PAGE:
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    Elector: 'Big Surprise' Could Be in Store for Electoral College Vote

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    Brad Friedman
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    On today's BradCast: Will there be some form of an Electoral College mutiny when they gather to cast their votes for President of the United States next week? My guest today, one of those electors, suggests we may all be in "for a big surprise".

    The 538 members of the Electoral College are finally set to cast their votes for President on Monday, December 19th. So far, just one GOP elector has publicly announced his intention to vote for someone other than Donald Trump (who, in 2012, railed that the U.S. Electoral College system was "a total sham", calling for "revolution" in response to a candidate winning the Electoral College while losing the national popular vote…as he did this year, by nearly 3 million votes, a record in U.S. history.)

    But according to Harvard's Constitutional law professor Lawrence Lessig, who has offered free legal support to electors considering voting for a candidate other than the one their state voted for, "there are now at least 20 GOP electors considering a vote of conscience." Lessig argues electors have a Constitutional right under federal law to vote for whomever they please, despite some state laws that apply fines or other penalties against so-called "faithless electors". (University of Chicago law prof Geoffrey Stone explained this week why he believes they are "faithful not faithless".)

    Colorado Presidential Elector Micheal Baca, a former U.S. Marine, joins me today to discuss how he and other electors are planning to vote on Monday. Baca is part of a group calling themselves the Hamilton Electors, citing founder Alexander Hamilton's Federalist Papers explanation of the Electoral College as a device meant to prevent popular demagogues or otherwise unfit or unqualified candidates from becoming President.

    Baca explains his own plan, as a Democratic elector, to vote for a compromise Republican candidate, such as Ohio Gov. John Kasich, rather than Hillary Clinton, in order to encourage GOP electors to do the same, in hopes of stopping Trump from winning the requisite 270 vote Electoral College majority. Baca explains why he believes information made available since the election reveals Trump to be unfit for office.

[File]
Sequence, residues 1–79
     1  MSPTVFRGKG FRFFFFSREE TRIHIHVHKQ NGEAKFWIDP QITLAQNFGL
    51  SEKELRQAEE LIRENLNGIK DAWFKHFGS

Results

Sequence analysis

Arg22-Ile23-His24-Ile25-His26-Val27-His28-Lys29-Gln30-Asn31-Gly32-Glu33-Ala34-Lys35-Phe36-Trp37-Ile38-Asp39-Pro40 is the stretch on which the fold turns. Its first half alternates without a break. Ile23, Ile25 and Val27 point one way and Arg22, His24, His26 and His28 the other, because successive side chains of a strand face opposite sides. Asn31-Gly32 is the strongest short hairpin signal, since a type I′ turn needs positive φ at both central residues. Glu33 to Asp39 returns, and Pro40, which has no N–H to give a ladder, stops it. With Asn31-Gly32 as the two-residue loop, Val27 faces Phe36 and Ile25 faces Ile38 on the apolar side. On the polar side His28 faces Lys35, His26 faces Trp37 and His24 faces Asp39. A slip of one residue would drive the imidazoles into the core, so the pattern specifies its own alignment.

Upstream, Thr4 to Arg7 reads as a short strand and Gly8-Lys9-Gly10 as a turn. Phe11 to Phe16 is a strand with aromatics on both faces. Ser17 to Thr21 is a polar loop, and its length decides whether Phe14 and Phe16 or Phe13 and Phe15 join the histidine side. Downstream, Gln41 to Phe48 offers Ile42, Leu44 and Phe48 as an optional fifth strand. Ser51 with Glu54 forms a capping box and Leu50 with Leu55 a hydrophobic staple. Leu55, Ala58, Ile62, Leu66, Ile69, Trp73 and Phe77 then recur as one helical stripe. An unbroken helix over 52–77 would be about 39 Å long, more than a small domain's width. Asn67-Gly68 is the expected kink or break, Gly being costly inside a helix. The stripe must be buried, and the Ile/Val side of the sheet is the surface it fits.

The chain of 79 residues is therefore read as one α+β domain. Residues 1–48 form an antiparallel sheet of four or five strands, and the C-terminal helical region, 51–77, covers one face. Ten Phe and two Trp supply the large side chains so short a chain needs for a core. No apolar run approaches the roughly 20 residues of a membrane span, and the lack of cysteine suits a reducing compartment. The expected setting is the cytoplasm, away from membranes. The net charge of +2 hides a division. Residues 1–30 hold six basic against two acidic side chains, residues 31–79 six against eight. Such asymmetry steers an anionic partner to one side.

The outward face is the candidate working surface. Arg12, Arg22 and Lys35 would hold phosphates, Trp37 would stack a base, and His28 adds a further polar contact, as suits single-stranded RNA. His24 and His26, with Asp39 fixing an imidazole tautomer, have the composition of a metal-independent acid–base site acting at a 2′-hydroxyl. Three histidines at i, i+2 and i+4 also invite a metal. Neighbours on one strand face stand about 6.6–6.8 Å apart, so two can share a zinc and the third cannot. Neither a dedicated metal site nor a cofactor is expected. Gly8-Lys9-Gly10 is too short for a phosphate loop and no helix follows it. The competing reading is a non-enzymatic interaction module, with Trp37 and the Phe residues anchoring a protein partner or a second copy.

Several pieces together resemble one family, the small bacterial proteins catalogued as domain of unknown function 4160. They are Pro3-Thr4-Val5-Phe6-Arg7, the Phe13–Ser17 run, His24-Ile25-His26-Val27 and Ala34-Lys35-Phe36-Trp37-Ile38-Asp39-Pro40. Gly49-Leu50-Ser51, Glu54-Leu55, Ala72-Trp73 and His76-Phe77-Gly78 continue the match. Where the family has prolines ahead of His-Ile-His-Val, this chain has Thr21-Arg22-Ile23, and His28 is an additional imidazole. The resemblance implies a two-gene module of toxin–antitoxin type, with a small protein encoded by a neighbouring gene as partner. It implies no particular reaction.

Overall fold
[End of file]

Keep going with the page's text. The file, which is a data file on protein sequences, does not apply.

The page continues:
"On December 19th," Baca explains, "538 individual people — not numbers on the map, not computer generated, not Wolf Blitzer numbers — 538 people will be casting a ballot for the President of the United States of America. I believe that by reaching across party lines, I am putting my country above my party. And I may not agree ideologically on what the Republicans stand for, but Donald Trump is a clear and present danger to our republic. And I believe that it's imperative in this election that we do exercise our conscience and our moral judgment."

    Baca also tells me during our interview how he became an elector in the first place, the rather stunning way in which he is told the vote is set to occur on Monday in Colorado (with "pre-printed ballots"!), how his experience as a Marine has informed his position, and what he has learned from speaking to other electors, both Democratic and Republican, about how they plan to vote. He suggests a surprise could be ahead, even as I (and he, as well) remain skeptical.

    "I try to operate my life with a healthy dose of skepticism," he tells me. "And until things are out in public, the only thing that I will confirm is that we have one public Republican elector. Are there others out there? I do believe so. Are they not public? I do believe so…I'm not Professor Lawrence Lessig (but) I don't think he would just speak without having any factual evidence."

    Baca adds: "I think we were all in for a big surprise. Surprises happen. This is the year 2016. If there's a time in history, I believe this is the time." Okay, then. Could be a big week ahead. Or not. It's a fascinating conversation that you may wish to listen to in full.

    Also today: The Trump Transition team says a questionnaire sent to the Dept. of Energy seeking the names and backgrounds of climate scientists was "not authorized", and the Massachusetts Attorney General says it's time for ExxonMobil to "come clean" about their efforts to fund climate change denial, now that their CEO Rex Tillerson has been nominated by Trump as Secretary of State.

    You can find Brad's previous editions here.

    And tune in to Radio Sputnik one hour a day, five days a week.

    Electoral College, Climate Change, 2016 US Presidential election, Exxon Mobil, Evan McMullin, John Kasich, Rex Tillerson, Hillary Clinton, Donald Trump, United States, Russia, Massachusetts, Michigan, Wisconsin
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